The Department of Transport projected rail would capture only 9% of all airport trips and would require a subsidy of $350-450 million over 10 years (in 2001 dollars).

Second, in 2003 the Government upgraded the Skybus service so it could deal better with congested conditions around the CBD and on the Tullamarine Freeway. According to the Transport Department, new roadworks enabled Skybus to bypass traffic delays at the Tullamarine/Calder Freeway interchange and at the city fringe. The package included lane widening as well as line marking changes to create an emergency lane wide enough for buses. Read the rest of this entry »

Simple but great piece on climate change

Here’s a simple but stylishly written and persuasive piece on climate change. It’s a short speech delivered to an audience of big business and investors in London in 2005 by Nobel Laureate and physicist, Professor Michael Beard, famous for devising the Beard-Einstein Conflation.

I can’t locate an on-line copy of the transcript of the entire speech so I’ve typed up just the first few paras:

“The planet is sick. Curing the patient is a matter of urgency and is going to be expensive – perhaps as much as two per cent of global GDP, and far more if we delay the treatment. I am convinced and I have come here to tell you, that anyone who wishes to help with the therapy, to be a part of the process and invest in it is going to make very large sums of money, staggering sums.

“What’s at issue is the creation of another industrial revolution. Here is your opportunity. Coal and then oil have made our civilisation, they have been superb resources, lifting hundreds of millions of us out of the mental prison of rural subsistence.

“Liberation from the daily grind coupled with our innate curiosity has produced in a mere two hundred years an exponential growth of our knowledge base. The process began in Europe and the United States, has spread in our lifetime to parts of Asia, and now to India and China and South America, with Africa yet to come. All our other problems and conflicts conceal this obvious fact: we barely understand how successful we have been. Read the rest of this entry »

London in the time of cholera

I’ve just read The Ghost Map by Steven Johnson. This extraordinary book, which nominally chronicles the campaign of physician Dr John Snow to persuade Victorian England that cholera was caused by contaminated water rather than noxious odours, also takes the reader on long and fascinating asides into topics like how living at density selected for alcohol-tolerant genes.

Deaths from cholera, Victorian London

As this article points out, large cities in all parts of the world used to be very dangerous places where the very proximity of humans directly led to disease and death.

I already knew the basics of John Snow’s battle with the established order and his famous map of Broad Street from TV programs and the odd book, like Mathew Kneale’s excellent novel about a Victorian hydraulic engineer, Sweet Thames.

But the particular value of Stevenson’s take on London’s cholera epidemic is the attention it gives to the broader circumstances of the times and the way he burrows deeply into the underlying social, medical and technological issues.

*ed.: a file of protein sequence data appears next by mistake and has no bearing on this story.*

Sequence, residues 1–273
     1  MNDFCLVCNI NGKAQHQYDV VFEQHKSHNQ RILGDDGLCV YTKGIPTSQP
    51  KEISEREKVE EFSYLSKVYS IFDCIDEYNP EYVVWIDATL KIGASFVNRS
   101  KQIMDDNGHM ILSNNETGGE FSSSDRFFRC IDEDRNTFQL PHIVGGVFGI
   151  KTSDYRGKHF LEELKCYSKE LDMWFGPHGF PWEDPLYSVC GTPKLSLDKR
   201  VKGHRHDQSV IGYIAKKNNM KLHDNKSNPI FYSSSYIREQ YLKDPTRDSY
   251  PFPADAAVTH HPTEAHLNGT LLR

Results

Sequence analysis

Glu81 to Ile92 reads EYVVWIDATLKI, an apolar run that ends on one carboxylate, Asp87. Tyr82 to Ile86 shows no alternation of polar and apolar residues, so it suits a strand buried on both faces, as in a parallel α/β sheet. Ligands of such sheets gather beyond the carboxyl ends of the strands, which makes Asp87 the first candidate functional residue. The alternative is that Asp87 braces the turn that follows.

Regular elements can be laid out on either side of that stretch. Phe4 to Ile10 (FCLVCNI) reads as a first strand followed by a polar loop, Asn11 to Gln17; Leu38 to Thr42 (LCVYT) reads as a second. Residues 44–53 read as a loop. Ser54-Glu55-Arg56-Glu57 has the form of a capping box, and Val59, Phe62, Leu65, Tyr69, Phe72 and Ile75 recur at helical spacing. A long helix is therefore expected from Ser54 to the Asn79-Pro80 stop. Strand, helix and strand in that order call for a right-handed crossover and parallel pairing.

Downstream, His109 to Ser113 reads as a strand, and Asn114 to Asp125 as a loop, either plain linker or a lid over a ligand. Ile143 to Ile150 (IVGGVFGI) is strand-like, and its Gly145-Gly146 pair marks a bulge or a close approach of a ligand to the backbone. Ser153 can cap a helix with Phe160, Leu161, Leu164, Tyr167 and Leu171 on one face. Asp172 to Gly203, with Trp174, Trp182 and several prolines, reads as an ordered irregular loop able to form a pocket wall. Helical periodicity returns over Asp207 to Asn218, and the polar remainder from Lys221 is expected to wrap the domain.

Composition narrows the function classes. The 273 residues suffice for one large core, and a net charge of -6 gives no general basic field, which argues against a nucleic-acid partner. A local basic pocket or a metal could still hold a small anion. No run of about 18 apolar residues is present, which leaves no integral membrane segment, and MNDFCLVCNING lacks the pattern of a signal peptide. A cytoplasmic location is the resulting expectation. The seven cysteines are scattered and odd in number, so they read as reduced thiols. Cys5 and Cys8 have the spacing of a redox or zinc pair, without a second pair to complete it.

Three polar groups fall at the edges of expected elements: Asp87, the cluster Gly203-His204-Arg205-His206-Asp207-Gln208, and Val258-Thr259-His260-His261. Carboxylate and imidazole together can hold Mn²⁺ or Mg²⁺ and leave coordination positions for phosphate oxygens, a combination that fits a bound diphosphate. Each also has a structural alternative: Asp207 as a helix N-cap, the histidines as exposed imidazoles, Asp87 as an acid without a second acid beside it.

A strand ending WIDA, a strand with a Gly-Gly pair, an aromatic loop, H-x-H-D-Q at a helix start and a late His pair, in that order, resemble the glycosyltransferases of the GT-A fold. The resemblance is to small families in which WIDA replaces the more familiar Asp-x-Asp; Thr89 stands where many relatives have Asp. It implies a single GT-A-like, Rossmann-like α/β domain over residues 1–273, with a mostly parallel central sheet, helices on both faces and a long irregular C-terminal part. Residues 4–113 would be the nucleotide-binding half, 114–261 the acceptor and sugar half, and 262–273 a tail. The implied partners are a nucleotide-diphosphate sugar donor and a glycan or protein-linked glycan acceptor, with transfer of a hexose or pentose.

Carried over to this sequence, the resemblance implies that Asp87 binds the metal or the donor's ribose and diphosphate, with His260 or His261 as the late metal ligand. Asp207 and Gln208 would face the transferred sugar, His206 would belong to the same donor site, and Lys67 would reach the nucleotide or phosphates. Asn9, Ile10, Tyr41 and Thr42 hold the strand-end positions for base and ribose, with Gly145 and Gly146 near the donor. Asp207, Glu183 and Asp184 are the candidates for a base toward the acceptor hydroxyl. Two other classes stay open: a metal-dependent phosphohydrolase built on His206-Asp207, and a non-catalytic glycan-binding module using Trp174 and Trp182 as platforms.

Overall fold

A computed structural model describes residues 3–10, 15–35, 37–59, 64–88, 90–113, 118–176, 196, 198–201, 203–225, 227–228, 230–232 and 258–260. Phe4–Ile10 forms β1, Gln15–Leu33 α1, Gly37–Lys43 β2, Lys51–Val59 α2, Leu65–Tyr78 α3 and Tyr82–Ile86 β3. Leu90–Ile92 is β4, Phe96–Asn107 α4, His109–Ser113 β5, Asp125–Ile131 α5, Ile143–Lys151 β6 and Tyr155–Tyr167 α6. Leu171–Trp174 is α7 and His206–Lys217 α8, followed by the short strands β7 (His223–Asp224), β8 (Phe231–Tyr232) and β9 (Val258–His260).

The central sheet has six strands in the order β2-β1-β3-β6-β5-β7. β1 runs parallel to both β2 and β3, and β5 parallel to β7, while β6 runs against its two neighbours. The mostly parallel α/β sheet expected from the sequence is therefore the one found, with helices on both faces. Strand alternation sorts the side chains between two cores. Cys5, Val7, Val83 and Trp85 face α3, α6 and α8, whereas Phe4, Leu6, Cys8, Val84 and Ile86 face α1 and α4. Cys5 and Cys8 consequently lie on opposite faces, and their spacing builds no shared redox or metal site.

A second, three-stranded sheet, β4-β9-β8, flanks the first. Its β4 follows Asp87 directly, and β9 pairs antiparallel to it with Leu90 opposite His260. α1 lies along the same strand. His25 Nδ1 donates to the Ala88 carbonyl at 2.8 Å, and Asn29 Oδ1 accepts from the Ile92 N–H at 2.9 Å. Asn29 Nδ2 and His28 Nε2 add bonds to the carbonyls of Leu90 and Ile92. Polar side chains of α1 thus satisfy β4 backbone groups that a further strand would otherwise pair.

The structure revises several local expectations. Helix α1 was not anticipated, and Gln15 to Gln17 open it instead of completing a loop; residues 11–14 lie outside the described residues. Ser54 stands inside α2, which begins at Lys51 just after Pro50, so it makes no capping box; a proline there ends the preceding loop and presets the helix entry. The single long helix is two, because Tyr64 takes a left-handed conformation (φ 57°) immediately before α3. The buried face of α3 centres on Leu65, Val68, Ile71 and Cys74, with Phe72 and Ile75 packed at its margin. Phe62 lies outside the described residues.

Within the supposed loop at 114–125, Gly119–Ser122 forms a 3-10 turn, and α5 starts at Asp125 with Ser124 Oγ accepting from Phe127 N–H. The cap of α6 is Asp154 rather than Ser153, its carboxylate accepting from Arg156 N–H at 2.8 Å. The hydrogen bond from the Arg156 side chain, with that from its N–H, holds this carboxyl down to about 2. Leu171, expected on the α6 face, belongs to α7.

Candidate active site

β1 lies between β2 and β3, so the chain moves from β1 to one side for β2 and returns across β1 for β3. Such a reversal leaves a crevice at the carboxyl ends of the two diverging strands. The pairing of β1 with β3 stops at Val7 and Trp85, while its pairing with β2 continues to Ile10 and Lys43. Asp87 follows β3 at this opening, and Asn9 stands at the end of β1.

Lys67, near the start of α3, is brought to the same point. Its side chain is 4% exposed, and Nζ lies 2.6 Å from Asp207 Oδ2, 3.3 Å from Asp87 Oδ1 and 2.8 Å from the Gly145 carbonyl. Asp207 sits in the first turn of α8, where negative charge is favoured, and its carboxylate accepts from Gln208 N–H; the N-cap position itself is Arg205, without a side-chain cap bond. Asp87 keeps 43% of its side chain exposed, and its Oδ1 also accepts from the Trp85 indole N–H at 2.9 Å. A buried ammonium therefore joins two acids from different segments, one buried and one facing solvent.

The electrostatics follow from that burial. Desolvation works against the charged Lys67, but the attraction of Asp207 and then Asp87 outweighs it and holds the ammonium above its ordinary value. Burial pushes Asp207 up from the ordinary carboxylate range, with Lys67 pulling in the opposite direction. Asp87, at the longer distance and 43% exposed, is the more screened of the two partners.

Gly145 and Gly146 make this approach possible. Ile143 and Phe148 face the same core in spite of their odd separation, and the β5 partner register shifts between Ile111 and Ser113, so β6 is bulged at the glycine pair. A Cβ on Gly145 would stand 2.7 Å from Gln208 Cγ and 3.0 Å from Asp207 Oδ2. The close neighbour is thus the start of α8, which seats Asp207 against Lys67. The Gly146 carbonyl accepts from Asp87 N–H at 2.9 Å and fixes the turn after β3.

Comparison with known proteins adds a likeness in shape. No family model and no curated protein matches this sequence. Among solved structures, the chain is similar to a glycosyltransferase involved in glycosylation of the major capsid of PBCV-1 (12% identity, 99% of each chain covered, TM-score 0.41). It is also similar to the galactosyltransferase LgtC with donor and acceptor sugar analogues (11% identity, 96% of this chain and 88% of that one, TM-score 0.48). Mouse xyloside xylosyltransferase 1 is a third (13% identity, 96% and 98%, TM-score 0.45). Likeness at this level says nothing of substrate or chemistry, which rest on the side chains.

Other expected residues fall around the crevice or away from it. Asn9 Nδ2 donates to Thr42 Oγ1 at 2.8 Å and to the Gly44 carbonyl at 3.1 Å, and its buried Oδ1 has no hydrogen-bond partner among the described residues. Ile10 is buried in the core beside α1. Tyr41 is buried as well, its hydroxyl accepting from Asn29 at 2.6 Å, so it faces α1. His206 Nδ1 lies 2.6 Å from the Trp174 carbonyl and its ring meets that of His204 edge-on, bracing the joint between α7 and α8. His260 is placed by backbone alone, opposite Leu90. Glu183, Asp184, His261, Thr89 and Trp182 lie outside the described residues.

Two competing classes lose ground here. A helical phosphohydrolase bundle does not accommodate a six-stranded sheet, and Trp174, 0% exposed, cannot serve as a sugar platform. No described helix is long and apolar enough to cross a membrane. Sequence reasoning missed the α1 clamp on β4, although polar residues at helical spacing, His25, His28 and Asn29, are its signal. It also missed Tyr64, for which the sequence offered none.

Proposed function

He talks, for example, about how humans living at close quarters historically addressed their vulnerability to polluted water by drinking alcohol instead (notwithstanding it is itself poisonous and addictive). Nothing new about that perhaps, but what is interesting is how the desire to live at higher density gradually selected for genes that could tolerate alcohol: Read the rest of this entry »

Is a bigger Melbourne a better Melbourne?

The CEO of the Committee for Melbourne, Andrew Mcleod, advanced an interesting argument about the importance of growth when launching the Committee’s new report, Melbourne Beyond 5 Million, earlier this month.

He contended that Melbourne can get better as it gets bigger. His main argument is that Melbourne in 2010, with 4 million people, is double the size it was in 1960 and is, he says, unambiguously more liveable.

Big city - East Village, Manhattan

So is bigger better? I don’t think I have a definitive answer and I’m not even sure there is one, but I think it’s useful in light of the high population growth projected for Melbourne to canvass some of the issues.

The fear many people have is that a bigger Melbourne will mean housing is less affordable and roads and public transport more congested. Some people also think it would be less safe, less equal and have a much larger per capita ecological footprint.

But there are advantages in getting bigger. Larger cities are usually denser and have a lower ecological footprint than smaller cities. There is also an extensive literature showing that the productivity of cities increases with population.

There are different opinions on the underlying reasons but many observers, like Harvard’s Professor Edward Glaeser, think that big cities enable people to connect and learn from one another. They tend to be more diverse and offer greater specialisation in work, consumption, socialising and ideas.

There are more than thirty cities in the OECD countries alone that have a larger population than Melbourne. They must be doing something right if people want to live in them. For all the complaints made about Los Angeles, many more people seem to want to live there than in Melbourne. Many talented Australians aspire to move to LA to work in specialised industries like entertainment, higher education and technology. Read the rest of this entry »